"The idea was to start a different kinda punk band focused
on dead ended carnal cravings, sexual depression
that sort of
thing. Mainly we just wanted to bludgeon the listener with dull, monotonous
droning rock music that just sucks the energy out of you, the musical
equivalent to watching a toilet flush."
This quote from Pissed Jeans' frontman Matt Korvette
introduces the act as both social-fending recluses and as a band that
makes music that is far from being energetic. On both these counts
this assumption is precisely true. However, this lack of acceptance
is also at its worst display on Pissed Jeans' 3rd album, King Of
Jeans, in which the music is a mixture of both the speed-up first
record and the draining second. King Of Jeans uses both of
those albums' main elements as a central focus, but does not tread
any new ground within the genre and even in the realm of the band
Playing a form of sludgy noise-rock on their debut album, Shallow,
at first Pissed Jeans seemed like a joyous breath of resurgent air
into a dying scene. The 8 songs had both a sense of a musical-terrorist
structure as well as a reclusive and yuppie-hating, misanthropic energy.
On their 2nd album, Hope For Men, any sense of lurch was slowed
down to a crawl. The album was nowhere near as fun to hear the depressing
music suck the soul out of you.
One realizes that Pissed Jeans' deadpan sonics and disgruntled vocals
are not meant to be "fun," necessarily. However, any album
should always not isolate the listener from having a good time, even
if it is in a depressing or disturbing sort of way. On Hope For
Men it isolates itself from the audience despite having a good
amount of good ideas in both design ( "My Bed", "Scrapbooking",
) and ever-so-slight hooks ("A Bad Wind", "I Still
Got You (Ice Cream,)" and the music did just what Korvette describes
while its lag plundered any sense of anticipation and excitement out
of the listener.
Pissed Jeans' albums are tending to get more-and-more reclusive as
they go on. While this presumably can be thought of as a good quality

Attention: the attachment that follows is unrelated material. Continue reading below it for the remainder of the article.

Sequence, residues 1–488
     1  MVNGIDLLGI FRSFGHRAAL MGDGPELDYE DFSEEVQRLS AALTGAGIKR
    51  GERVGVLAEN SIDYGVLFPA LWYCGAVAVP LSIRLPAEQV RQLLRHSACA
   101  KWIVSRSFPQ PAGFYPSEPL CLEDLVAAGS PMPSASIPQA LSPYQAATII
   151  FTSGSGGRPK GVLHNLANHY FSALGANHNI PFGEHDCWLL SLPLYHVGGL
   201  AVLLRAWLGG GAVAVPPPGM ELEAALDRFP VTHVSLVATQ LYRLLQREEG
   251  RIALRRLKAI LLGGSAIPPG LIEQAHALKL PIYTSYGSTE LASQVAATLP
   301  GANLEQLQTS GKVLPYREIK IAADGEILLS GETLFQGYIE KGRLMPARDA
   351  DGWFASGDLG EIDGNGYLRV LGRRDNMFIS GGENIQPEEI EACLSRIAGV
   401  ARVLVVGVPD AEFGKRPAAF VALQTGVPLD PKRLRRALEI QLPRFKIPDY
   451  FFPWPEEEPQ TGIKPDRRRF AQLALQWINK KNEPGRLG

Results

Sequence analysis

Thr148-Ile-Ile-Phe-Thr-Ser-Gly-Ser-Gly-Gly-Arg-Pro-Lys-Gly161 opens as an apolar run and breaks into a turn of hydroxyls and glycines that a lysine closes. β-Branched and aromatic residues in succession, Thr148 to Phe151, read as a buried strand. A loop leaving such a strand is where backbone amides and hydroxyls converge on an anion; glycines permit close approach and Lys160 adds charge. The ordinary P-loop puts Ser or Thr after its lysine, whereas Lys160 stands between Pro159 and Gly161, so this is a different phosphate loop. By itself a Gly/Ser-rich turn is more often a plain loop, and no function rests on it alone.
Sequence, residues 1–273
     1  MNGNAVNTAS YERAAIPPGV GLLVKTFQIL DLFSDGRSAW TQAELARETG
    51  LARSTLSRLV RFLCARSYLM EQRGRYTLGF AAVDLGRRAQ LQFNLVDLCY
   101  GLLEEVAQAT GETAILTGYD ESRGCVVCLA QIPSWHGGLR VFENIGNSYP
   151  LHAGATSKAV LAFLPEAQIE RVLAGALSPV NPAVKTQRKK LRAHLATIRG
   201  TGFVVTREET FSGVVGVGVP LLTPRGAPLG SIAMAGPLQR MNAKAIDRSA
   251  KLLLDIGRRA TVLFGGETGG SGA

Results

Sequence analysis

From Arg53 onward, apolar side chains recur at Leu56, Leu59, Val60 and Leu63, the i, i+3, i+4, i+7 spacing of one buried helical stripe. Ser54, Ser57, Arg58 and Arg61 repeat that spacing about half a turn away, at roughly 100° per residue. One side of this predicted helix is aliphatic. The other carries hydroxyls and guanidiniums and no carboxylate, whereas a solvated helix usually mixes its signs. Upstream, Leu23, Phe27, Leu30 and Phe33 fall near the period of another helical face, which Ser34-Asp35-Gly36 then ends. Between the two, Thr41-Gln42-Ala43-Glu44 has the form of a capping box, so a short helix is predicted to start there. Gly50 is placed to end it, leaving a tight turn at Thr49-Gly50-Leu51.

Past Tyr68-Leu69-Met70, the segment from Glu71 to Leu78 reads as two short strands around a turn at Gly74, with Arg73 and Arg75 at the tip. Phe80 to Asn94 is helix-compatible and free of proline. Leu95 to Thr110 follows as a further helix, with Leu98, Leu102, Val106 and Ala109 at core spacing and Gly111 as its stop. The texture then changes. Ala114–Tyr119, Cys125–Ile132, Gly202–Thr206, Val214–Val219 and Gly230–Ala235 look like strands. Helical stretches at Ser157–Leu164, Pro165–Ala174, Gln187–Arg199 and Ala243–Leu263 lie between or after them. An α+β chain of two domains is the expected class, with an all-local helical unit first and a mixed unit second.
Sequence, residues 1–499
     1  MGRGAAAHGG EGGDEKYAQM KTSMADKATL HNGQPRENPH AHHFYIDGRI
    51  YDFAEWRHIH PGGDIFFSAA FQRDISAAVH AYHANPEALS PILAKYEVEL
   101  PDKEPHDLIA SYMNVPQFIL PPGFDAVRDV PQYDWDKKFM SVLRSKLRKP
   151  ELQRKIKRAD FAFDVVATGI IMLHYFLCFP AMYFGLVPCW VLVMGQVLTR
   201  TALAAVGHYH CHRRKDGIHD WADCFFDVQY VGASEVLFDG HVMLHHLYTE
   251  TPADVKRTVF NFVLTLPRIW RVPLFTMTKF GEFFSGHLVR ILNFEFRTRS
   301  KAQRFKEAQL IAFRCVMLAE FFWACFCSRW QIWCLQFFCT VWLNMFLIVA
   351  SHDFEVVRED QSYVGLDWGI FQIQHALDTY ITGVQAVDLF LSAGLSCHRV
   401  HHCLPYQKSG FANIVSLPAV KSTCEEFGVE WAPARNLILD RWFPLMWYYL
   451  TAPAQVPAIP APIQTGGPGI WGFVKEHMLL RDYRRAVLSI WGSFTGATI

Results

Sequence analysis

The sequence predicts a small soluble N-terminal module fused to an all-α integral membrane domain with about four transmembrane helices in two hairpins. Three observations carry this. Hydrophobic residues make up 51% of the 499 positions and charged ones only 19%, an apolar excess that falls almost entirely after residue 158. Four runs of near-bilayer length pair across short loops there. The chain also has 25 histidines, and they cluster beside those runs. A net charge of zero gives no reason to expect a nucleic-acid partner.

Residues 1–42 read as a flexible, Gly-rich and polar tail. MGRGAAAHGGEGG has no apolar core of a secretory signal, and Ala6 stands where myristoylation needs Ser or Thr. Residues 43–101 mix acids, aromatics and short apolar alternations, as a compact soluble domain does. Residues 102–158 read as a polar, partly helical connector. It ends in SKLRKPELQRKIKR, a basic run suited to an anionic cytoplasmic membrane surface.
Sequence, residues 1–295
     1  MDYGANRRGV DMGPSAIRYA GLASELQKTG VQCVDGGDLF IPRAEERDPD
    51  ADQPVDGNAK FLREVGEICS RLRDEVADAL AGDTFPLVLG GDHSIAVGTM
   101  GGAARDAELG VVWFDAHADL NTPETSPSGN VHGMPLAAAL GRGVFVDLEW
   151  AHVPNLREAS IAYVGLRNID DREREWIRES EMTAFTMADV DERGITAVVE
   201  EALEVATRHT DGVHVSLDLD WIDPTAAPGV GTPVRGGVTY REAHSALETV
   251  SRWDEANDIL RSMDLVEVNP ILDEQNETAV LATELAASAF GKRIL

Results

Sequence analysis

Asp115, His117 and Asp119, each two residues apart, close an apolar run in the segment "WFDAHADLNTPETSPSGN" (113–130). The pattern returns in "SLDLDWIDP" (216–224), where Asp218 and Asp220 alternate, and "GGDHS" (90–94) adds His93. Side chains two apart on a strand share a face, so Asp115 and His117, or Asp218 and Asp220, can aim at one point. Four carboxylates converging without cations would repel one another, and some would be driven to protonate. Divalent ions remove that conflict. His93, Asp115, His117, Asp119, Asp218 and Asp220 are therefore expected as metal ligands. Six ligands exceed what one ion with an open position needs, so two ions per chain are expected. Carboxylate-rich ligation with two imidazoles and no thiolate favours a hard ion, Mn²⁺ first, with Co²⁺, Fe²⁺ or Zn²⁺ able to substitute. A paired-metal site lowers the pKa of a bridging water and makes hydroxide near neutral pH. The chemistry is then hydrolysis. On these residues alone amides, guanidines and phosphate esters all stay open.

by some, as in not conforming to the masses, instead the non-structured
bashers only rely on doing just that
making loud, hollow-sounding
ruckus that does not have direction, let alone purpose. Most of the
songs do not rise out of the dirty and repetitive murk that Pissed
Jeans probably thinks is experimentation, while the music is nothing
more than unrequited and lackluster anarchy of thought and design.
King's opening-track "False Jesii Part 2" is easily
the best moment on the album. The song has been on advanced promo
mixes and it is easy to see why: Pissed Jeans is at its apex in both
structure and creatively abrasive sound. The song lashes through its
chorus with gravity-shaking aplomb, while Korvette wails every bit
as good as David Yow of The Jesus Lizard and Scratch
Acid. It's just too bad these are by far the only good few minutes
on the entire record.
The next songs are about what the last couple of albums displayed
so unabashedly; male aggression and self-destruction, especially towards
the 9-5 world and the upper class. Whether it is the workaholic atmosphere
of "Dream Smotherer" or the say-farewell-to-youth of "Goodbye
(Hair)," the lyrics are both for the ranting lunatic in all of
us and the sincere Can't-I-Still-Live-While-I'm-Young method of thinking.
About a quarter of the songs are not much more than 3 minutes, and
half are even less than that. Credit can be given to Pissed Jeans
as editors, because at 12 songs in about 38 minutes there is not much
time for droning passages this time around.
Then again, if the album was much longer than it is, it would have
taken this writer a lot more agony to complete. King Of Jeans
is a product that is fit for the 30-day wear guarantee on your store
receipt. It makes one too hesitant about stumbling again.
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